One of the four sections of the eastern span of the San Francisco-Oakland Bay Bridge sits on a dock in Shanghai, waiting to be loaded onto a ship that'll carry it to the United States.- Rob Schmitz / Marketplace
A man peeks inside the headquarters office for the Bay Bridge construction at the Chinese engineering firm Shanghai Zhenhua. California estimates it saved nearly half a billion dollars by choosing Zhenhua to construct a portion of the new bridge, which is scheduled to open in 2013.- Rob Schmitz / Marketplace
One of the main reasons California chose Zhenhua is cost. Zhenhua pays many of the nearly 4,000 workers who helped build this bridge around $12/hour.- Rob Schmitz / Marketplace
Project Director Li Jianghua stands in front of one of the Bay Bridge sections. Li says after Zhenhua landed the Bay Bridge contract, orders from Norway, Scotland, Macau, Denmark and Italy came in. Zhenhua is now truly an international engineering firm.- Rob Schmitz / Marketplace
All this new business has turned Changxing Island, Zhenhua's base of operations, into what Li calls the world's largest steel construction site. The island, located where the Yangtze River meets the Pacific Ocean, is home to parts of various bridges that will soon be shipped to various locations throughout the world.- Rob Schmitz / Marketplace
Director Li says Zhenhua's accomplishment of constructing part of the new Bay Bridge to specifications challenges the long-held notion that 'Made in China' is synonymous with poor quality products.- Rob Schmitz / Marketplace
Zhenhua is one of many Chinese firms that are becoming the 21st century Fluor or Bechtel; engineering firms that have a global presence.- Rob Schmitz / Marketplace
Building a better 'Made in China' reputation
Jeremy Hobson: For decades, China's exported toys, clothes, electronics, you name it. Now it's exporting part of a bridge. And not just any bridge: The Bay Bridge, which connects San Francisco and Oakland -- a bridge that carries a quarter million vehicles a day -- one of the longest bridges in the world.
Marketplace China Correspondent Rob Schmitz takes us to Shanghai, where a ship that'll carry the bridge across the Pacific is about to set sail.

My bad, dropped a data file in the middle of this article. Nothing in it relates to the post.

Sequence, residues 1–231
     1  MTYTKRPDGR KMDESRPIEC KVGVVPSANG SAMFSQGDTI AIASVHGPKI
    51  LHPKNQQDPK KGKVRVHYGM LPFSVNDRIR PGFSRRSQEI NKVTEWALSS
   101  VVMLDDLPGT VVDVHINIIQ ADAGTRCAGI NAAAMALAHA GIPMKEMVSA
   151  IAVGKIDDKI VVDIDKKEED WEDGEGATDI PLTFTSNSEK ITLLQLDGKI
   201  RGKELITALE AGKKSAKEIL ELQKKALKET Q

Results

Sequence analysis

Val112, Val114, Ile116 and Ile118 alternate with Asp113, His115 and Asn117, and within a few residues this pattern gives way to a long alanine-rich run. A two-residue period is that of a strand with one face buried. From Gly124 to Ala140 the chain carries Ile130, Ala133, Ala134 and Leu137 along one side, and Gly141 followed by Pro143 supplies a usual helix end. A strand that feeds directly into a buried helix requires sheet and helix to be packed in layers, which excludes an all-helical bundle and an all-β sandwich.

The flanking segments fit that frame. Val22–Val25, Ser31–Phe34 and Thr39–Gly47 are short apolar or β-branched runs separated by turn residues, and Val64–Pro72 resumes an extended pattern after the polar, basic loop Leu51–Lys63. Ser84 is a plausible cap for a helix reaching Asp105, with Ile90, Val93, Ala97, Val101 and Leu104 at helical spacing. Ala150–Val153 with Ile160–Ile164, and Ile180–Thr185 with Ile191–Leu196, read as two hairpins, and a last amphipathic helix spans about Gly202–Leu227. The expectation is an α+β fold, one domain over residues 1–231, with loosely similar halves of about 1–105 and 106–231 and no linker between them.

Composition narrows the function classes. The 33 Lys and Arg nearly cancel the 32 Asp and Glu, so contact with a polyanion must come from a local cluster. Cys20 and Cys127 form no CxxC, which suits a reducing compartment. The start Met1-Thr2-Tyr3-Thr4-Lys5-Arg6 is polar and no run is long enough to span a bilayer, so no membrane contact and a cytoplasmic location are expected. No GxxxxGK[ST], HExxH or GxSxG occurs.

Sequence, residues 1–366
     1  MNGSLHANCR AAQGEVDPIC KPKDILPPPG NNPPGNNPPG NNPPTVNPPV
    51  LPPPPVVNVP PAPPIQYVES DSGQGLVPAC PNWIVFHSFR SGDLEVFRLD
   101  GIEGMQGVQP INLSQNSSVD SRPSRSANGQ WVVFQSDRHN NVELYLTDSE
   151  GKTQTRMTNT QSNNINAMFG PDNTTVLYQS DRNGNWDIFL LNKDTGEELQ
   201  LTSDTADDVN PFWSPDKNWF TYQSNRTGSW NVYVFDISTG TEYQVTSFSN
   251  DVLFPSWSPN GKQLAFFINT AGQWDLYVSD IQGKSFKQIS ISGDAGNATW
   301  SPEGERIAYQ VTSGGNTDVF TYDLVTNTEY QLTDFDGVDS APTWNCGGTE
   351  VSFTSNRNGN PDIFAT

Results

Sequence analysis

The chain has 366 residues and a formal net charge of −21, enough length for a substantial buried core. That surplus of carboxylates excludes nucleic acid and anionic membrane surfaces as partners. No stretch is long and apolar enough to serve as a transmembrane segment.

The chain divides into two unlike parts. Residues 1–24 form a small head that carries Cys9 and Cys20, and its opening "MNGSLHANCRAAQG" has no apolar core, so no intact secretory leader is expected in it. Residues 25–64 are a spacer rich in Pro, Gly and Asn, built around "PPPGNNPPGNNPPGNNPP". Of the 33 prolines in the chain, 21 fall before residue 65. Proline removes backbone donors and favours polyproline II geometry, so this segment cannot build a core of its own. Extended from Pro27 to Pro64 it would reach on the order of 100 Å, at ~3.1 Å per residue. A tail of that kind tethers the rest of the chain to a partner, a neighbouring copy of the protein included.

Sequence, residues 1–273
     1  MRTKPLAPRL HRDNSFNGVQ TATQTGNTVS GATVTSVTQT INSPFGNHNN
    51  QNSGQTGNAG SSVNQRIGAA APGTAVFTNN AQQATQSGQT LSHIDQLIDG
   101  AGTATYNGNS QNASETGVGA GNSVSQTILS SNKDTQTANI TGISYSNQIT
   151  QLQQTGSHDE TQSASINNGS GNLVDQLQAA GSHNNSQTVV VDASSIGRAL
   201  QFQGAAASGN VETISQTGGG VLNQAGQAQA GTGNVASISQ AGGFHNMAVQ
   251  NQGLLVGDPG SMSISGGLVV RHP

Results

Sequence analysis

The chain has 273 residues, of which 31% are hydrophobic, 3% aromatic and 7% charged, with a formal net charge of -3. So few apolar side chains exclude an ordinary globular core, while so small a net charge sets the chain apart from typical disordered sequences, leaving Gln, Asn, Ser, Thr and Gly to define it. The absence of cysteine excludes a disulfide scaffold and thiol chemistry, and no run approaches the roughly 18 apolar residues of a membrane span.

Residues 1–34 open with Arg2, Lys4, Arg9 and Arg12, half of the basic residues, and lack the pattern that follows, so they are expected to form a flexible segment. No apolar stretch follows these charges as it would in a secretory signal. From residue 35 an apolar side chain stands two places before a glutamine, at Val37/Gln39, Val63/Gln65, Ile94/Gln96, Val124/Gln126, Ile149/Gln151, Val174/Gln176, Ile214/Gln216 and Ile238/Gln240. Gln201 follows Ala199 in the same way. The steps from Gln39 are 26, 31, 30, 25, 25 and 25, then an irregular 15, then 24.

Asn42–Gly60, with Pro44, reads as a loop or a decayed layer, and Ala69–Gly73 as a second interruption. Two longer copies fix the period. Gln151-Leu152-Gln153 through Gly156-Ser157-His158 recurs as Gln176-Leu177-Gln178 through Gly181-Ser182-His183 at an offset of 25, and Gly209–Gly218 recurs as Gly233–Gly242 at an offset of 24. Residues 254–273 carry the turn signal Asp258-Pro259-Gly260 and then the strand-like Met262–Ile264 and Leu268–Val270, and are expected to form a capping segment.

Rob Schmitz: Here, on an island where the Yangtze River meets the Pacific, is where Li Jianghua wants to prove a point. For years, he says, the world has looked down on anything made in China. Times are changing.
Li Jianghua: This project should help finish off the idea that 'Made in China' stands for poor quality.
China is upgrading from the world's factory to the world's engineer. Li's crew is putting the finishing touches on the last of four sections of bridge that'll be shipped to San Francisco this week. California officials estimate they've saved nearly half a billion dollars by hiring Li's company, Shanghai Zhenhua, to build the eastern span of the new Bay Bridge. In the five years it's taken the company to build it, Li says this island has become the world's largest steel construction site.
Li: After we landed the Bay Bridge project, more international projects came our way. We're now working on bridges for Denmark, Italy, Scotland, Macau and Norway.
Four sections of bridges are scattered all over the island. U.C. Berkeley engineering professor William Ibbs says Zhenhua reminds him of big American engineering firms like Fluor and Bechtel, firms that have spent decades building a global profile.
William Ibbs: And they've been exporting American skill and expertise to those countries. Well, here we have a reversal of the situation, where Chinese skill and expertise is being exported into America.
Unlike other international construction firms, Zhenhua's labor costs are low -- workers here are paid $12 a day. And there's another difference, says Li: Zhenhua finished the project five months ahead of schedule.
In Shanghai, I'm Rob Schmitz for Marketplace.